RaveThe Wall Street Journal... fascinating, rich and probing ... Mr. Kuper is very good on the range of intellectual and political factors at play in this ... One of the pleasures of this book is that Mr. Kuper makes no effort to play down episodes like this, in which Blake’s espionage had almost no real impact ... a beguiling and endlessly interesting portrait of one man’s rigid, Panglossian desire to see the best in everything ... No matter how hard Mr. Kuper probes, and his questions are consistently good, he meets a wall of relentless positivity. Long ago, you realize, Blake had learned to avoid asking difficult questions, either of himself or of his KGB handlers. In many ways, the beauty of Spies, Lies, and Exile is the manner in which Blake’s wide-eyed credulity is matched, blow for blow, by Mr. Kuper’s considered skepticism and his ability, at the end, to see through the veneer of self-deception.
Nancy Thorndike Greenspan
MixedThe Wall Street JournalThe latest addition to the Klaus Fuchs bibliography, Atomic Spy, comes from Nancy Thorndike Greenspan and with it the obvious question: Do we need another book on Fuchs? Based on the first part of this book, the answer is yes. Ms. Greenspan gives us fresh and fascinating insights into Fuchs’s formative years ... One gets the niggling sense throughout Atomic Spy that the author is not entirely comfortable delving into Fuchs’s psychological hinterland or into the details of his espionage. But we need to consider both if we are to understand who he was and what he did ... Ms. Greenspan ends her book by asking whether Fuchs was \'evil or good, guilty or innocent, a traitor or a hero.\' But the truth is more prosaic ... It is better to think of Fuchs as a socialist, a scientist and a spy. As with most spies throughout history, once he had started passing on secrets, he found it strangely hard to stop.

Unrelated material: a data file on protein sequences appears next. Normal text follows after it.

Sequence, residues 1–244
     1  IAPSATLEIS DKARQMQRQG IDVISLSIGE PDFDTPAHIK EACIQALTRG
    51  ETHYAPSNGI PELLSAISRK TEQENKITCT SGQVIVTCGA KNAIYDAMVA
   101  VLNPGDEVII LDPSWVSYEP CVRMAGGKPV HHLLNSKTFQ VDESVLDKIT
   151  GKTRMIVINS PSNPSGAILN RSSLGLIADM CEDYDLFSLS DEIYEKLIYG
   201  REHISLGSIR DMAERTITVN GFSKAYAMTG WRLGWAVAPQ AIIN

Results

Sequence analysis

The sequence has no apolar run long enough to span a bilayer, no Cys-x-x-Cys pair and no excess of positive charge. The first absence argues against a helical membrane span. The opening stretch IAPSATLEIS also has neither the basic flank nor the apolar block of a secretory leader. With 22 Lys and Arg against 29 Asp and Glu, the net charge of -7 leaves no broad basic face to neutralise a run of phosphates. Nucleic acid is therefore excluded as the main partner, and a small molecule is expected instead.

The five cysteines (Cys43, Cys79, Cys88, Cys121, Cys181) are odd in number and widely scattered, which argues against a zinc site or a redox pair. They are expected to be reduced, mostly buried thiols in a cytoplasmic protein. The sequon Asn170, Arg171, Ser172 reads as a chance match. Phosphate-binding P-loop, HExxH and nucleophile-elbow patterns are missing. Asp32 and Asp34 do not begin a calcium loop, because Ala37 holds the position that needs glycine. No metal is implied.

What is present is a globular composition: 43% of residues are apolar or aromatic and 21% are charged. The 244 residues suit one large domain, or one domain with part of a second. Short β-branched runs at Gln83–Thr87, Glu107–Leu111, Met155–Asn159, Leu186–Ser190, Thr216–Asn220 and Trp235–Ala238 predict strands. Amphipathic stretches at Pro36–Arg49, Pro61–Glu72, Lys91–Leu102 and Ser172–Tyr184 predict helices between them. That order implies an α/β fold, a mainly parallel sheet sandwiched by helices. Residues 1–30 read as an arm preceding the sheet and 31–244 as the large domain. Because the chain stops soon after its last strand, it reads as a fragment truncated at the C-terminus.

PositiveThe Wall Street JournalOne of the many strengths of this fluid and constantly captivating book is the wonderful range of voices that Mr. MacGregor has brought together. As well as American soldiers stationed in Berlin, we hear from East German guards, artists, writers, spies, journalists and a handful of successful escapees.
RaveThe Wall Street JournalBill Harvey is the type of character rarely found in fiction—he is that much larger than life—but in Mr. Vogel’s sure hands he becomes plausible and oddly compelling ... This alone might have made for an interesting book, but Mr. Vogel has cleverly combined this story with the life of the man who betrayed this secret to the Russians: the SIS officer, KGB agent and yoga enthusiast George Blake. Although there are other books on Blake, Mr. Vogel’s handling of his tale is original and rewarding ... Meticulously researched and full of vivid detail, Betrayal in Berlin is especially good on the conundrum faced by Blake’s KGB handlers about when and how to reveal the existence of the Anglo-American tunnel.
John Le Carré
RaveThe Wall Street JournalSuperficially at least, this is a tale of one generation passing judgment on another but without understanding the context...This element of the book is undermined slightly by the blunt characterization of the young Circus staff. The new guard is ignorant, disrespectful, brash, overly familiar and full of hubris, so it comes as little surprise when the old-timers start to run rings around them. Yet this does not distract from the novel’s agile examination of its meatier questions: How much collateral damage can be justified by the need to protect a source? What are the implications of our new obsession with historical crime? Mr. le Carré even touches on Brexit, including an eloquent and heartfelt defense of a European identity ... A Legacy of Spies offers, finally, the fascinating spectacle of a talented novelist casting a critical eye over his early masterpiece, marking it for style and moral substance ... Although there are moments when this book does not quite work, and though some readers will simply prefer The Spy or Tinker Tailor, A Legacy of Spies deserves to be seen as a very different literary enterprise. As well as being an inspired feat of plotting, it is the boldest and most inventive Smiley novel to date. It is also a finely wrought examination of one man’s struggle to come to terms with his past.